Availability could be an issue, but following are three atypical flowering houseplants. Bird of paradise is a relative of the banana and one of the most exotic, easy to grow potted plants. It not only has showy fans of blue-green leaves that are attractive all the time, but mature plants send up stalks topped with fascinating birdlike flowers that combine colors of golden orange and peacock blue during the warm seasons. Clivia, a member of the lily family, is easier to grow than an orchid and more unusual than an amaryllis. It has dark, evergreen, leathery leaves that provide a perfect backdrop for the dense clusters of orange flowers that appear. There are some yellow cultivars; however, they are quite rare and consequently expensive. A zebra plant is another option. Not only does it have dark leaves with striking, light-colored veins, making it a beautiful houseplant when it is not in bloom, it also sends up spikes of waxy bright yellow-bracted flowers that are long-lasting. Zebra plants do have a reputation for being somewhat difficult to grow because they require high humidity and consistent moisture.

Dear Master Gardener:


I seem to have a black thumb and kill every houseplant I get. I would really like to have a few houseplants but I need some basic advice that I hope you can give me.

The very basic elements of houseplant survival are light, water and soil. To begin, decide where you want to place a plant and determine where and what kind of light that spot will provide. High-light plants require a south-, east- or west-facing window without trees or buildings to diffuse the light. Medium-light plants require slightly less light but should be within 3 feet of a south-, east-, or west-facing window. Low-light plants need to be within 6 feet of a south-east-, or west-facing window or close to a north-facing window. Rarely do plants suffer from too much light.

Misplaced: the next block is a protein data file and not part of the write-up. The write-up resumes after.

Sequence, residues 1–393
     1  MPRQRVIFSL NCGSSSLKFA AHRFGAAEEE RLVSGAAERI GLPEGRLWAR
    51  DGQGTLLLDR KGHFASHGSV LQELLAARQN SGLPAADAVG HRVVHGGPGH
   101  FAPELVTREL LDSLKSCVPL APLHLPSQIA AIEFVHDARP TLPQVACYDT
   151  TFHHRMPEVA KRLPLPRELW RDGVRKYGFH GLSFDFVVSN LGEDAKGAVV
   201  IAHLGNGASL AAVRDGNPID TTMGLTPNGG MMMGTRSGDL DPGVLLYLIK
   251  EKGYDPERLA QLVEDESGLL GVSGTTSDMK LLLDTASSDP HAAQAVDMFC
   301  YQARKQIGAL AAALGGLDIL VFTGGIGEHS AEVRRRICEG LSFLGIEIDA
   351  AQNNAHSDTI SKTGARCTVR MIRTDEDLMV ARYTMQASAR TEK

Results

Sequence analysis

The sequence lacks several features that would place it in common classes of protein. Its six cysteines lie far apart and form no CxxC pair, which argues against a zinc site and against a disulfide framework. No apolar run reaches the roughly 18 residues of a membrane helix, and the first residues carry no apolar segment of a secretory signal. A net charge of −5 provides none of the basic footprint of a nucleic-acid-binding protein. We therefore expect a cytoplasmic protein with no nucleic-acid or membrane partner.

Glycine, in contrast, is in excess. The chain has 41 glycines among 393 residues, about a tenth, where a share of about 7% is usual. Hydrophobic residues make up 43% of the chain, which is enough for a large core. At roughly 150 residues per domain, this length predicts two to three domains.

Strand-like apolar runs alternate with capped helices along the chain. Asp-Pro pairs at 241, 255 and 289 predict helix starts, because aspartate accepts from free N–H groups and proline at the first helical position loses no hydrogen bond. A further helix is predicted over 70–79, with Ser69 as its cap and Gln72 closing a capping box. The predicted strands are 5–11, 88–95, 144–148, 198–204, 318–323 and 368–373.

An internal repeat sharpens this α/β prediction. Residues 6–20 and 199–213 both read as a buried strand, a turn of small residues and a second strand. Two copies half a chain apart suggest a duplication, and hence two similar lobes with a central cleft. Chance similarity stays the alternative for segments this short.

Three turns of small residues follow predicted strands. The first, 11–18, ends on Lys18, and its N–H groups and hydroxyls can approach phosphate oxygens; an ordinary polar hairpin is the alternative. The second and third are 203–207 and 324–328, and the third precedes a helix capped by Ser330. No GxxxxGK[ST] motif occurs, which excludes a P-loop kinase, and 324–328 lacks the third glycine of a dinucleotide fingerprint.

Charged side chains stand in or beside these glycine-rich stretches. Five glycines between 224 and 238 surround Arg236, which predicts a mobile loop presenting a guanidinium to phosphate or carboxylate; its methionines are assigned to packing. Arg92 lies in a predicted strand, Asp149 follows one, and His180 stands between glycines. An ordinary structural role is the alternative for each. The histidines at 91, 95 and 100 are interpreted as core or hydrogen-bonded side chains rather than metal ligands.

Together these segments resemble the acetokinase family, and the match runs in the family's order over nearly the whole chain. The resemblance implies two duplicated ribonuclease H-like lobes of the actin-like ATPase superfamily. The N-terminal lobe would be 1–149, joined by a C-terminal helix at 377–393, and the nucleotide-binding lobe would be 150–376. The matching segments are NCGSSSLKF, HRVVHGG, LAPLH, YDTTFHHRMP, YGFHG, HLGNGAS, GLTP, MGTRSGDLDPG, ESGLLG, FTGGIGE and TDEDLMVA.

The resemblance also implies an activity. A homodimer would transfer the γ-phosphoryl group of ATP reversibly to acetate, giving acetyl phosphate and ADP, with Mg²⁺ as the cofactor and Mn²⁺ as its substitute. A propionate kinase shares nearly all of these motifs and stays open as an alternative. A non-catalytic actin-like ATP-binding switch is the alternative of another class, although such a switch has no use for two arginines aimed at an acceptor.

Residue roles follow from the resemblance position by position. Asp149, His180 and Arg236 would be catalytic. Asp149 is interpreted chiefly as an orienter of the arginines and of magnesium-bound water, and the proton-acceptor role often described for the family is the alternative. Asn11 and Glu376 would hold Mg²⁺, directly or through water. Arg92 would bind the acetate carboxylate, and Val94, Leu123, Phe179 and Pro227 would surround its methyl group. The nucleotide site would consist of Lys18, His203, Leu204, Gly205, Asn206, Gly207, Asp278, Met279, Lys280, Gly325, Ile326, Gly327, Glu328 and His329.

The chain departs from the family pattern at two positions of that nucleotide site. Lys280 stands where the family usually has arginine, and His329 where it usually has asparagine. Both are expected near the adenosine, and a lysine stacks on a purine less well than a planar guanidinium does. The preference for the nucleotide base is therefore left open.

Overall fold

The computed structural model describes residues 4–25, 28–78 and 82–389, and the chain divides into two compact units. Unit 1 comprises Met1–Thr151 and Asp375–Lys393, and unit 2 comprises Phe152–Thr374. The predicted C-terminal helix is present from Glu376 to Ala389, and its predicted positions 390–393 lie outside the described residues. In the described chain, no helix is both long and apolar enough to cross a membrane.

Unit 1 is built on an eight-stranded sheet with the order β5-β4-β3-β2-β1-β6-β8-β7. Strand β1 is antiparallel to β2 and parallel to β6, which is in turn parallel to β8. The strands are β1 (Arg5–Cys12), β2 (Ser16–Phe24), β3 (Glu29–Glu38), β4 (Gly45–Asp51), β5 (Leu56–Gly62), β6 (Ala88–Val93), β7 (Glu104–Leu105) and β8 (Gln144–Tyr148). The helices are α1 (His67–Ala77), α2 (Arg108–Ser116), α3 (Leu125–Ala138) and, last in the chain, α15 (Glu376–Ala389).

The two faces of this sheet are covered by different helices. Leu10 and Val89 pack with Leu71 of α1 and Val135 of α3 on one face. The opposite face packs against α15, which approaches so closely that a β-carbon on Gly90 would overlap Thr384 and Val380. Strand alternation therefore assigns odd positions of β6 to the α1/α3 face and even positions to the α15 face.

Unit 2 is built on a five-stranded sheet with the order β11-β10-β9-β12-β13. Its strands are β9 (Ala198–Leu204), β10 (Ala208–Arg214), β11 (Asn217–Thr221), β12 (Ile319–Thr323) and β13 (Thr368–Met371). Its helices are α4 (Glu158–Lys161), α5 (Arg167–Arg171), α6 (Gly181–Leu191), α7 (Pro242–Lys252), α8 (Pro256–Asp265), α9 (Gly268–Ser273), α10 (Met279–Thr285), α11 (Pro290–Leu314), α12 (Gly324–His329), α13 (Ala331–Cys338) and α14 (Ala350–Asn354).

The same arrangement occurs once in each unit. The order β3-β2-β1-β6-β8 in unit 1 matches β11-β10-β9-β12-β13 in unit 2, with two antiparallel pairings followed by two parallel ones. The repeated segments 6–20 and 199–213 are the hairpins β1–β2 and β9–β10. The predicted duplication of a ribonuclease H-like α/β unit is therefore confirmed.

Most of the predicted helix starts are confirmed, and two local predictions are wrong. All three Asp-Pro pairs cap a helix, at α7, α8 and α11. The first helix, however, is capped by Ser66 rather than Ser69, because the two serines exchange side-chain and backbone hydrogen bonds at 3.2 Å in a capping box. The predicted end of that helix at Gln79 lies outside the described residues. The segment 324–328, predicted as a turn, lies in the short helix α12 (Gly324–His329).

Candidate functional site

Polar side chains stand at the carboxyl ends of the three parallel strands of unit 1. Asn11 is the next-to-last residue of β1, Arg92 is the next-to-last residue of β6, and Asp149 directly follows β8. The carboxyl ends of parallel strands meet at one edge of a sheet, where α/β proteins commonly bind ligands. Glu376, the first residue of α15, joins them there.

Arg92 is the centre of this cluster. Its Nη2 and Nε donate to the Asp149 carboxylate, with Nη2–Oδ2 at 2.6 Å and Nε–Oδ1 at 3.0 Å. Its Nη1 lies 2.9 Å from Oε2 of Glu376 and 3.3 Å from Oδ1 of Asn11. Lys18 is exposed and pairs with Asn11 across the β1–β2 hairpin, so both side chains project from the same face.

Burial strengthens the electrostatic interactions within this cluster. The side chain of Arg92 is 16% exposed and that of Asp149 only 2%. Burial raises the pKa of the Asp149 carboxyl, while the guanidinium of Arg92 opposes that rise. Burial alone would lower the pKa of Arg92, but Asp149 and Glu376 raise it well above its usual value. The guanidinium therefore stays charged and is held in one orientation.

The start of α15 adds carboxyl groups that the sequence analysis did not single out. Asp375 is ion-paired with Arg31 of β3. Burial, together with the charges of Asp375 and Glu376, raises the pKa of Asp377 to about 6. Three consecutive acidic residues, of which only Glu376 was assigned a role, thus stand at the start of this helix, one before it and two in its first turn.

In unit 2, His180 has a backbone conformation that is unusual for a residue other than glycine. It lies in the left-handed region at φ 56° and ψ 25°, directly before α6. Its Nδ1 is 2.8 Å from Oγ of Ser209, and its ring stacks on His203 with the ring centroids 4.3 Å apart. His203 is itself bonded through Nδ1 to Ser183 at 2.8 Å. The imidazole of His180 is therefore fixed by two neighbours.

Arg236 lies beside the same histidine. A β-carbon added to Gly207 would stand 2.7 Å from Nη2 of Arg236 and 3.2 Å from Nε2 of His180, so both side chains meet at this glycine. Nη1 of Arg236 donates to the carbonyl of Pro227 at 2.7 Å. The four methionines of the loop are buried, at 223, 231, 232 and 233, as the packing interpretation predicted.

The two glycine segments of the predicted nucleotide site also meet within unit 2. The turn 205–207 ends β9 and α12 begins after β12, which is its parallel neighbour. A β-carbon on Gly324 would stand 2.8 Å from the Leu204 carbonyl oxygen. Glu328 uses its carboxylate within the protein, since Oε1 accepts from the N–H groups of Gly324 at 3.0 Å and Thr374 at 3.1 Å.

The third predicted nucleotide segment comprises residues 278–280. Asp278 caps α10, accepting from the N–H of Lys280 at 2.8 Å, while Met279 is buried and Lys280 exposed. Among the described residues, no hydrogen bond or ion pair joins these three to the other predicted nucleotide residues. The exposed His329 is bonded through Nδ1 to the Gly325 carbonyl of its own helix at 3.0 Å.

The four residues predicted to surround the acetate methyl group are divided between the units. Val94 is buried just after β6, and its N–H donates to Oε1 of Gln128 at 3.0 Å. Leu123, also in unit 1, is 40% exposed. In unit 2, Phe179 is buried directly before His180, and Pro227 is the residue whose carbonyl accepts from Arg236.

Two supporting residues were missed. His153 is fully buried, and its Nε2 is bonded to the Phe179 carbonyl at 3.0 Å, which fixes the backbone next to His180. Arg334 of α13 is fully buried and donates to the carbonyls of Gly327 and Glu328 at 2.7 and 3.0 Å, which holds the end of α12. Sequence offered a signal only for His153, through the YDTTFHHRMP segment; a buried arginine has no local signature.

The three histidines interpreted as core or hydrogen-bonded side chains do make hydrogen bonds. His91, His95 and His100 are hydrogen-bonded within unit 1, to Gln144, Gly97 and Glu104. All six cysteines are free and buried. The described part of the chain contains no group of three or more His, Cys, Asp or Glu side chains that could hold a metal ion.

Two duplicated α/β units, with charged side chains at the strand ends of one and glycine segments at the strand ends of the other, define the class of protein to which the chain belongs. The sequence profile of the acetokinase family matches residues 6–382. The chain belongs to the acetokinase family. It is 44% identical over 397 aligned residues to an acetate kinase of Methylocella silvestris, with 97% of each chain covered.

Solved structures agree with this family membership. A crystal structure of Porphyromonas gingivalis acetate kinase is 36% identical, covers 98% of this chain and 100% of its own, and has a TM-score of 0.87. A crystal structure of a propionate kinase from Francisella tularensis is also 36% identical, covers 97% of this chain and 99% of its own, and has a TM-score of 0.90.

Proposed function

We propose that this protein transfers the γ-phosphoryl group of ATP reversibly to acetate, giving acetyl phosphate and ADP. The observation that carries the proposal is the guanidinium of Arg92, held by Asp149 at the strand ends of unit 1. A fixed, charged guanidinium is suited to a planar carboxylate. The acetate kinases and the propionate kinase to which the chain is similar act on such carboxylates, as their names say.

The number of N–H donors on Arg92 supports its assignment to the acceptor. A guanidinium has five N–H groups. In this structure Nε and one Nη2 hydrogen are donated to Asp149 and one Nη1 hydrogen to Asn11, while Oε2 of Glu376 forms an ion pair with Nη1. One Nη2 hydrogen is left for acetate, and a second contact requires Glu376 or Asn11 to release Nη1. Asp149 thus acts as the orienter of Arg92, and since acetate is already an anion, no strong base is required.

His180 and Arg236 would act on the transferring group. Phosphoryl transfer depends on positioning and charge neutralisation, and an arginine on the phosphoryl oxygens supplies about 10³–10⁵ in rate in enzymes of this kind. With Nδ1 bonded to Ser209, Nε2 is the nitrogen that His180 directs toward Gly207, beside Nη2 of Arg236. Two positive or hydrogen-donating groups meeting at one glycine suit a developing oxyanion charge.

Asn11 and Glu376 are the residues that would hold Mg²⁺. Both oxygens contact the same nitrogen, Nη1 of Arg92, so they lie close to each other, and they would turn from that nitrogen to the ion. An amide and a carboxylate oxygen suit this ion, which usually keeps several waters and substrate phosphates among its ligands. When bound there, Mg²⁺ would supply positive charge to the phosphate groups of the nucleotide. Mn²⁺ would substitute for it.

Soil stores nutrients and water for plants. Commercial sterile, soilless potting mixtures of peat moss, perlite and vermiculite are readily available and inexpensive. A homemade mixture of equal parts sterile soil, perlite and vermiculite works equally well.

Watering is the area where most houseplant owners fail, with overwatering being the primary culprit, followed by under watering and erratic watering. If you water once a week, thoroughly, allowing the excess to drain away, you will meet the water requirements of most plants under ordinary circumstances. Always, however, feel the soil before watering. The surface should feel dry and the top few inches slightly moist. If you treat a living plant as you would a living pet, both of them should thrive.

Though light, soil and water are the most important basics, there are other considerations. One is the container the plant will live in. Make sure there is a drainage hole so that if the plant has been overwatered, that water can drain out. For that reason a plastic saucer should be placed under the plant. Experts disagree on when and how much fertilizer should be used. A new plant should not be fertilized for four months, giving it time to acclimate to its new home. Thereafter, some say it should be fertilized only in the spring and summer, others feel it should be fertilized at about half-strength once a month all year long. Many plants will eventually need repotting, but that is a question for another time.


• Start perusing garden catalogs, making note of plants you might want to grow in the 2016 gardening season.

• Take a leisurely walk through several neighborhoods, noting trees and shrubs that have winter interest.


• Give houseplants a shower to remove dust that may have accumulated. It prevents sunlight from penetrating into the foliage in this season of low light.

• Keep bird feeders filled.

• Treat yourself and your home with a new houseplant for a spot of winter color.

• If you had a live Christmas tree, remove its branches this month and spread them on perennial beds for additional winter mulch.

• Check shrubs for deer and rodent damage and take steps necessary to prevent further loss, such as spreading netting and spraying.

University of Minnesota Extension Master Gardeners are trained and certified volunteers for the University of Minnesota Extension Service. All information given in this column is based on university research. To ask a question, call the Master Gardener Help Line at 218-454-GROW (4769) and leave a recorded message. A Master Gardener will return your call.